people, a great deal of prejudice amongst the Spaniards, who treat
us with ye name of pyrates, and refuse to have any commerce with
us: Tho', in reality, they are onely serv'd in their kind, haveing
committed several pyracies upon us, under pretence of sham
commissions, tho' I heartily wish the thing had a present remedy,
on both sides, it being a great discouragemt. to trade in general.
I presume to tell your Ldships., that till the Bahamas are settled
in some form, they will still be a nest for pyrates: and we are now
inform'd they are gathering togeather again, haveing riotously
and quickly spent, what they as wickedly got. The people of
this Island have often endeavour'd to have ye Bahamas annex'd
to this Government: and indeed that settlement was first made
from hence, and we are ye onely people in a manner, that ever did
or does trade with them. I am sensible it is a Proprietary
Government, but as they have abandon'd 'em, as a derelict for
many years, and never got a shilling by them, I cannot be persuaded that they wou'd be against H.M. reassuming them into
her hands. So, if yor. Ldships. think it for ye interest of the
Crown, to joyn them to this Government, I will endeavour to make
them usefull, in the best manner they are capable of, to my
native country, and scowre them clear of that sink or nest of
infamous rascalls, who do an infinite mischeife to trade, by
makeing us scandalous to our neighbours, etc. Signed, H.
Pulleine. Endorsed, Recd. 7th June, 1714. Read 24th Feb.
17 17/18. 4 pp. [C.O. 37, 10. No. 4; and (abstract) 37, 24. p. 2.]
652. Governor Nicholson to Lord Bolingbroke. I had
not the honour of recieving your Lordp's. letter of Oct. 19th untill
two days agoe: it is with the greatest satisfaction imaginable
to me that H.M. hath thought fitt, that your Lordp. should take
upon you the care of the Southern Province, with the West
Indies, etc. Having this opportunity by Sir Charles Hobby
I can't omitt paying the humblest of my duty, etc. Sir Charles
Hobby can give your Lordp. a just and full account of affairs,
both in relation to this, and the neighbouring Governments,
but more particularly what concerns H.M. garrison of Annapolis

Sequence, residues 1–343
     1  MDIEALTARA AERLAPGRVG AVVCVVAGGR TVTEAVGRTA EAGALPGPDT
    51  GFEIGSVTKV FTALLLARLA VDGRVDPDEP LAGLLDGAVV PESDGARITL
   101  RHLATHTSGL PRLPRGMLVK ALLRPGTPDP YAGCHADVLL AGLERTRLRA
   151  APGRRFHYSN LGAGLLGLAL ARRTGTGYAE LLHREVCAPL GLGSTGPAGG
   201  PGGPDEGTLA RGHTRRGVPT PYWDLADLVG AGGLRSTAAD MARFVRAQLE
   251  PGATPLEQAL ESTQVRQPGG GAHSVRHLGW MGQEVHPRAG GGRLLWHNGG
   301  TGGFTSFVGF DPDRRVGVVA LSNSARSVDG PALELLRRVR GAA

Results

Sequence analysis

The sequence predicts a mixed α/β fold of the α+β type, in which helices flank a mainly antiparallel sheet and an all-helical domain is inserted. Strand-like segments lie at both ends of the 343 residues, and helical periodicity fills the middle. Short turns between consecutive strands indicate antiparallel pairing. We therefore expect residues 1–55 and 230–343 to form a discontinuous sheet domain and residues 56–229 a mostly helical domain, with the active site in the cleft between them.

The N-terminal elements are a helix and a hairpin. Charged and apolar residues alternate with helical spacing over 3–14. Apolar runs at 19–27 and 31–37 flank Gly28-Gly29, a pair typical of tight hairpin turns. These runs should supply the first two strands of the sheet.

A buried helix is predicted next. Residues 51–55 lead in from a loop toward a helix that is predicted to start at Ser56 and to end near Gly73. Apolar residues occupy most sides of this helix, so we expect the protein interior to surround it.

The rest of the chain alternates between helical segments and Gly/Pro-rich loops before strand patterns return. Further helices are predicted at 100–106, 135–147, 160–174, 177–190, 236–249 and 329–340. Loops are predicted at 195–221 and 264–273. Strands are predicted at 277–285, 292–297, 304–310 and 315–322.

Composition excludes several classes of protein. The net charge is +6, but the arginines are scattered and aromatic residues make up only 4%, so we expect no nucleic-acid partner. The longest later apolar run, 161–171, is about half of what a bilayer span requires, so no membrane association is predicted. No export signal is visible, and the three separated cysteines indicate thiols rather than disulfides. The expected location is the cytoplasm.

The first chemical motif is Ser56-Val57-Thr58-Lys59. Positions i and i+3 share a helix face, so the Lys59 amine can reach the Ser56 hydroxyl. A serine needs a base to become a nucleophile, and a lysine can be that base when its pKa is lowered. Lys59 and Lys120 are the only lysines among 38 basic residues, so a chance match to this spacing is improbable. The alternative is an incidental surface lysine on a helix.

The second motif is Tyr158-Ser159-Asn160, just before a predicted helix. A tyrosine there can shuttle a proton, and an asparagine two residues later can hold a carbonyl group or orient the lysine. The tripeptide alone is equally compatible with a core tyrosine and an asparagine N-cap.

Royal, he was at the taking thereof, and had the command of a
regiment, at that time and afterwards twice Commander in
Chief there, in the absence of Samuel Vetch who, I think hath
acted very arbitrary and illegaly, and hath defrauded Her
Majesty very considerably and instead of proving his accounts
to me hath runn away. Sir Charles can prove a great many things
concerning his male administration: I humbly begg leave to
recommend Sir Charles Hobby to your Lordp's. protection. I
would not presume to do it but that I have always found him a
gentleman very well affected to H.M. intrest, and service, a true,
and zealous son of the Church of England, as by law established
the state of which he can give your Lordp. a more perticular
account in relation to the hardships the members thereof are under
in these parts, and what little encouragment they meet with, etc.
Signed, Fra. Nicholson. Endorsed, Rd. 28th June. 2 pp. [C.O.
5, 752. No. 3.]
653. Lord Bolingbroke to the Council of Trade and Plantations. Refers following for their report. Signed, Bolingbroke.
Endorsed, Recd. 24th April, Read 5th May, 1714. 1 p. Enclosed,
653. i. Petition of Sir Bibye Lake, Bart., grandson and heir of
Capt. Tho. Lake, deed., and Edward Hutchinson, heir
of Major Tho. Clarke, decd., to the Queen. Between
1639 and 1654 Lake and Clarke purchased of the
Indians and English several parcels of land lying upon
and near Kenebeck River, etc., and made a settlement,
which was destroyed by Indians 1675 and 1684, since
which owing to the war they have not been able to
recover. Pray H.M. to confirm their title to said lands,
in order to re-settle the same. 1 p. [C.O. 5, 866. Nos.
19, 19 i.; and 5, 913. pp. 485–488.]|
654. William Sharpe, President of the Council of Barbados,
to the Council of Trade and Plantations. I do myself the honour
of addressing your Lordships from this place where I arrived the
7th instant, and that day delivered H.M. Order to Mr. Lowther
then in Council, recalling him from ye Governmt., and commanding him upon receipt thereof to deliver the seale, publick papers
and ensigns of Government to me. He publish't it, declared it
should be obeyed, broke up the Council without any adjournment,
and sent to me to come and receive the seal, etc., which when
according to his appointment I did that evening, he refused,
objecting that the order being only under the signet and sign
manual, could not controul, or (as his words were) could not